The documentary’s broadcast on Sunday night is an awkward piece of timing for the first minister Alex Salmond, once an influential supporter of Trump’s £750m plan for a major golf resort in his Aberdeenshire constituency.

The Scottish National party wraps up its annual conference in Perth on Sunday, and the broadcast follows a fresh row over Salmond’s formerly close relationship with Trump.

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It emerged last week the first minister had written privately to Trump seeking his public support for the controversial decision to release Abdelbaset al-Megrahi, the man convicted of the Lockerbie bombing. Trump refused.

The pair have since fallen out publicly over Trump’s repeated attacks on a government-backed offshore windfarm test site planned near his estate north of Aberdeen. Those intensified on Tuesday after Trump’s lawyers threatened again to sue Scottish agencies supporting the windfarm proposal.

Trump’s executive vice president and counsel, George Sorial, would not comment directly on Forsyth’s remarks but said Baxter’s film was “a gross misrepresentation of the facts.”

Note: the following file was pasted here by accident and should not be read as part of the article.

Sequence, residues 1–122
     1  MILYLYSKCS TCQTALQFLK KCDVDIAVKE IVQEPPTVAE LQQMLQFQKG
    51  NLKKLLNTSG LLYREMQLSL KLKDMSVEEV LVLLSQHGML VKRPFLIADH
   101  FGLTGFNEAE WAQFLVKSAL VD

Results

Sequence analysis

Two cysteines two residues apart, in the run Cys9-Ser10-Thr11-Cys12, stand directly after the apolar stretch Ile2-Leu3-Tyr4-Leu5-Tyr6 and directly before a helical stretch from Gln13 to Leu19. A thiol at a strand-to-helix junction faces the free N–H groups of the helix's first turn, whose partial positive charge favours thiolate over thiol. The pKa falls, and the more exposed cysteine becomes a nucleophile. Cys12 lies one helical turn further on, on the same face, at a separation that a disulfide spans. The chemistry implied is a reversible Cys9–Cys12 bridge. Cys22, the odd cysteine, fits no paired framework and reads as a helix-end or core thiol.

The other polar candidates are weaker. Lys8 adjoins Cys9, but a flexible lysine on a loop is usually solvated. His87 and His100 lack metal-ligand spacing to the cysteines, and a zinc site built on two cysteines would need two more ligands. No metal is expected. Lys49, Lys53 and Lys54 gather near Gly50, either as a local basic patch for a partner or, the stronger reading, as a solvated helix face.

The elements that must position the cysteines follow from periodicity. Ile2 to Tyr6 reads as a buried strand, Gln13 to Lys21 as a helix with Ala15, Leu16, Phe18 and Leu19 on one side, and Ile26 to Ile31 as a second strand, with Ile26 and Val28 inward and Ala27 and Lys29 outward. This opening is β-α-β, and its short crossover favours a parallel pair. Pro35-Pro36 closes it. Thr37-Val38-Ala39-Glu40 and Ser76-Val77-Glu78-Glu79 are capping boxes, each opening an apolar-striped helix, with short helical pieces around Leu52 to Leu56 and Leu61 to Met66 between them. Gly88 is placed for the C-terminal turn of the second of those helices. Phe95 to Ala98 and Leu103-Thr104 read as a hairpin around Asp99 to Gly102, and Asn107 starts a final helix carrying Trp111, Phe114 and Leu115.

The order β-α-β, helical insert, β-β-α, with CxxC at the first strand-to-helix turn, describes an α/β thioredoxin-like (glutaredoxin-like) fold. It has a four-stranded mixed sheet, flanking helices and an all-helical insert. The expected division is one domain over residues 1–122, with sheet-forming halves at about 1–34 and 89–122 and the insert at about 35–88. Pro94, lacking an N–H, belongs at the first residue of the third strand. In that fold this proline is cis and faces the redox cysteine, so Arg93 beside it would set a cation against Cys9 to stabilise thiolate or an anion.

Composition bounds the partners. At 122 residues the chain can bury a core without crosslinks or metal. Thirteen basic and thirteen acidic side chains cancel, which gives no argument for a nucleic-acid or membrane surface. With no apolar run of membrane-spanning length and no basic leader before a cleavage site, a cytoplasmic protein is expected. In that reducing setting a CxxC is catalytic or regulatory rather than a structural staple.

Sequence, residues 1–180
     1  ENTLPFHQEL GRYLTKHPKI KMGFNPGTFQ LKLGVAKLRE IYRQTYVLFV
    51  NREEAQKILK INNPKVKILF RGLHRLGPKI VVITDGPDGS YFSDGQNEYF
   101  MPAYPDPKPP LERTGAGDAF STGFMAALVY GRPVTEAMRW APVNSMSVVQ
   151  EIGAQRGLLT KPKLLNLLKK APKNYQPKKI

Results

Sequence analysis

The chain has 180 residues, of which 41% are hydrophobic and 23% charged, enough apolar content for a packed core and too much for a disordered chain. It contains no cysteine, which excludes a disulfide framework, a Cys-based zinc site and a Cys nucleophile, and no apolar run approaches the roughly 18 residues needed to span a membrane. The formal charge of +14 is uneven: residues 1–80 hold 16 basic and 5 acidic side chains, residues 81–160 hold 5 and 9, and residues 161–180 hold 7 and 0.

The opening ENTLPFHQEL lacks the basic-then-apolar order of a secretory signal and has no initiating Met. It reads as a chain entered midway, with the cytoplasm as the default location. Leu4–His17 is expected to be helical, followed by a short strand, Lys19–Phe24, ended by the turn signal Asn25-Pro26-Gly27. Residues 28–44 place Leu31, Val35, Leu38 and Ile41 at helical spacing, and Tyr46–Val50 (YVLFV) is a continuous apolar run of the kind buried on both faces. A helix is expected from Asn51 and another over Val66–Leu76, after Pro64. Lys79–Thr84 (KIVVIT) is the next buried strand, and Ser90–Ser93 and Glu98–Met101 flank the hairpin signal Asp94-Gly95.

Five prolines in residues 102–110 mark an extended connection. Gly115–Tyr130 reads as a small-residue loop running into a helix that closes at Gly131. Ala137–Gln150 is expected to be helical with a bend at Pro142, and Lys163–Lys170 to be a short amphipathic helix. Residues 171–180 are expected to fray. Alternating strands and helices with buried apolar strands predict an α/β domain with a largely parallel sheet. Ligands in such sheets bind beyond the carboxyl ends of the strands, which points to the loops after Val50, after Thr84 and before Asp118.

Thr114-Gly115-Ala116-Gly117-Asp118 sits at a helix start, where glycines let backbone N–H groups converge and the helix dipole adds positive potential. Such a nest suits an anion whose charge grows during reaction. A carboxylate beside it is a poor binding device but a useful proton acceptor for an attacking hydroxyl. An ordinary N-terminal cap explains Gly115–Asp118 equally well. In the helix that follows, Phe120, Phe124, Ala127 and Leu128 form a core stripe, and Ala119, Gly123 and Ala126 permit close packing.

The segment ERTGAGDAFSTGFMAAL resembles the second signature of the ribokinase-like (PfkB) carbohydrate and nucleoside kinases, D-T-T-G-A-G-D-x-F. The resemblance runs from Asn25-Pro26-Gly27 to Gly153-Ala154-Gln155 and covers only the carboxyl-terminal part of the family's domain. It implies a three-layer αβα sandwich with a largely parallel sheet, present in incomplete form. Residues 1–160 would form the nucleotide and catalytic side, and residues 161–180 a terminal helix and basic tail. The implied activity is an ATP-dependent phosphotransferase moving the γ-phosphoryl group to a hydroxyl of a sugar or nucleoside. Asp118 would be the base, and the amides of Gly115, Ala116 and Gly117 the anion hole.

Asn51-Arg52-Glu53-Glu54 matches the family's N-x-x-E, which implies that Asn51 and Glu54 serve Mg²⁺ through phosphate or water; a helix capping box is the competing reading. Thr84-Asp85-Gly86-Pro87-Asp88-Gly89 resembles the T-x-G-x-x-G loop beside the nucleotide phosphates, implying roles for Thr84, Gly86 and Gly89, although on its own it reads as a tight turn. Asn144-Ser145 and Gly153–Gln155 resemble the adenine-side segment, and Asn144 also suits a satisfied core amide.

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Sorial said the project was widely supported by local people, business leaders and local politicians.

© 2012 Guardian News

[Trump via Shutterstock]


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WATCH: Civil rights icon John Lewis drops the hammer on Trump — and has no qualms about calling his remarks racist

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On Tuesday, the fallout continued from remarks President Trump made telling four freshman congresswomen -- and women of color -- that they should go back to their own countries.

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Donald Trump thinks white nationalism is going to win him the 2020 election. This much is clear. Trump's racist Twitter rant on Sunday — in which he suggested that four nonwhite congresswomen, three of whom were born in the United States, are "originally" from somewhere else and should therefore "go back" — might have seemed at first like a spontaneous eruption of racist rage from the simmering bigot in the White House.

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‘White supremacy is a hell of a drug’: columnist explains the GOP’s garbled response to Trump

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On Tuesday, President Donald Trump addressed comments he'd made telling four freshman congresswomen -- all American citizens and women of color -- to go back to their countries.

The comments set off a furor that the president was being outwardly racist.

“It's up to them. They can do what they want. They can leave, they can stay, but they should love our country,” the president told reporters Tuesday when he was asked about his remarks.

On CNN Tuesday, New York Times columnist Wajahat Ali explained how Donald Trump's comments -- and his Republican counterparts' refusal to call them racist -- is rooted in a dangerous white supremacy, or terror at the "browning of America."